Faced with potential labor shortages within five years due to baby boomers retiring and taking valuable knowledge with them, a considerably smaller pool of younger workers following close behind, and the possibility of some age 50+ workers opting to continue working beyond the traditional retirement age, what are Delaware employers doing to prepare for these eventualities? This AARP telephone survey of 400 organizations with 20 or more employees explores their perceptions of worker shortages and loss of institutional knowledge, and examines the extent to which they are attempting to retain older workers.
Of the employers surveyed...
- 62 percent believe their business is likely to face a shortage of qualified workers within the next five years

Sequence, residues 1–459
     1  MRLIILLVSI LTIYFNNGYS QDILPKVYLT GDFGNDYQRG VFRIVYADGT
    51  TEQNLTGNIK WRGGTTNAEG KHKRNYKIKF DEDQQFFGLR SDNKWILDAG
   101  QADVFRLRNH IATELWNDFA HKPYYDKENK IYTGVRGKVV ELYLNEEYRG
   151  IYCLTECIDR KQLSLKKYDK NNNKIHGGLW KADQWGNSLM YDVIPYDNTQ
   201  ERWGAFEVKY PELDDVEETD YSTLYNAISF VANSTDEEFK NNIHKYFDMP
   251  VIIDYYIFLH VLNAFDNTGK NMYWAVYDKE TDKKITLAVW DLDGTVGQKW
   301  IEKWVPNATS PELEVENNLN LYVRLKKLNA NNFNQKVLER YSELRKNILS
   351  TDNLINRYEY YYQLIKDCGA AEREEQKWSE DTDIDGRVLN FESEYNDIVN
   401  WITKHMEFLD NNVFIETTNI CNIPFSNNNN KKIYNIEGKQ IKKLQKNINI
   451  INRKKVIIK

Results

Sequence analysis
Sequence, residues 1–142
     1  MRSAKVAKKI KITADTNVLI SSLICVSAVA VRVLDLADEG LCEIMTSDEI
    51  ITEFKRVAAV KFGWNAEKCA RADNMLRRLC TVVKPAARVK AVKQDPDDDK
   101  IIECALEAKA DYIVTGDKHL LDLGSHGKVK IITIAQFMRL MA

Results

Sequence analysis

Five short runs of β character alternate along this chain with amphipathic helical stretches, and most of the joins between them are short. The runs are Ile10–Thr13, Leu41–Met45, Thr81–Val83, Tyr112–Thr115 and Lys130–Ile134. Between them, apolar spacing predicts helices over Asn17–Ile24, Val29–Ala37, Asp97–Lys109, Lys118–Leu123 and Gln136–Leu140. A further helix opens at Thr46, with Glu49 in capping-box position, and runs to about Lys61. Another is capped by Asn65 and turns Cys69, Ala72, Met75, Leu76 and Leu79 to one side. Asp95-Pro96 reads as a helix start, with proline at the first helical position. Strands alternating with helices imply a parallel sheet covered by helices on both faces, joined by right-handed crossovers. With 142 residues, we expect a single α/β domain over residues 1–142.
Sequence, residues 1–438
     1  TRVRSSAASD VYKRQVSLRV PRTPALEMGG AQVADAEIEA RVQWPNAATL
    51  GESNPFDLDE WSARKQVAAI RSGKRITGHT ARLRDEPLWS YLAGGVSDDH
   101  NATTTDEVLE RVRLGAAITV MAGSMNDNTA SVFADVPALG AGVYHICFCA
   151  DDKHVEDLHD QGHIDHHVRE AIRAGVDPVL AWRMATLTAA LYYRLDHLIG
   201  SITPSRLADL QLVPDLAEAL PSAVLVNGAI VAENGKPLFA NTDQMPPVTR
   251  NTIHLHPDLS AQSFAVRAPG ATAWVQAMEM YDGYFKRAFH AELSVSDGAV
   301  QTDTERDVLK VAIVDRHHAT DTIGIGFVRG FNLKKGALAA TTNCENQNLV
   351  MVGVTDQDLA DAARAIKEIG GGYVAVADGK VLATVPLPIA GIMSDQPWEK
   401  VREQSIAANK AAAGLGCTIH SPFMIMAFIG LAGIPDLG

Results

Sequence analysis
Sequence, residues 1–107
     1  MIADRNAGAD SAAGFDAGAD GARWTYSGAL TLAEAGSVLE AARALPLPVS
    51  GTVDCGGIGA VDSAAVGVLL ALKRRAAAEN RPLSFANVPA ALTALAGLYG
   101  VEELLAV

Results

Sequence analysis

- 26 percent say they have taken steps to prepare for the possibility of boomers retiring at the traditional age
- 12 percent report offering incentives to encourage employees to delay retirement
- 72 percent feel it is important to retain institutional knowledge that might be lost when employees retire or otherwise leave
- 34 percent report having a formal process for enabling departing employees to share the knowledge they have learned on the job
- 44 percent offer phased retirement, mostly on an informal basis
- 29 percent offer no retirement benefits at all
The telephone survey of Delaware employers was conducted for AARP by Alan Newman Research between November 13th and December 7th, 2006. Further information about the survey may be obtained by contacting Jennifer Sauer ofAARP Knowledge Management at 202-434-6207. (24 pages)